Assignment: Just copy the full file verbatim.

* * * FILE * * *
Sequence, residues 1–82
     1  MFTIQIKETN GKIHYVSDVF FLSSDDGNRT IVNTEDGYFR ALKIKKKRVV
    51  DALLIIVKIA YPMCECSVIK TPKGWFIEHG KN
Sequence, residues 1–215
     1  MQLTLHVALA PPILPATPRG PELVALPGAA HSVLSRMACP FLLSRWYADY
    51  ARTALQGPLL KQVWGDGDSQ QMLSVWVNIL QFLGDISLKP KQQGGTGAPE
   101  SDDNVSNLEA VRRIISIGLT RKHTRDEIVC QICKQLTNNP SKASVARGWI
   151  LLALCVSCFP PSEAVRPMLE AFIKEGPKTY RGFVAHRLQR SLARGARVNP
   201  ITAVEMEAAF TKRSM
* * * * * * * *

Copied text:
Sequence, residues 1–82
     1  MFTIQIKETN GKIHYVSDVF FLSSDDGNRT IVNTEDGYFR ALKIKKKRVV
    51  DALLIIVKIA YPMCECSVIK TPKGWFIEHG KN
Sequence, residues 1–215
     1  MQLTLHVALA PPILPATPRG PELVALPGAA HSVLSRMACP FLLSRWYADY
    51  ARTALQGPLL KQVWGDGDSQ QMLSVWVNIL QFLGDISLKP KQQGGTGAPE
   101  SDDNVSNLEA VRRIISIGLT RKHTRDEIVC QICKQLTNNP SKASVARGWI
   151  LLALCVSCFP PSEAVRPMLE AFIKEGPKTY RGFVAHRLQR SLARGARVNP
   201  ITAVEMEAAF TKRSM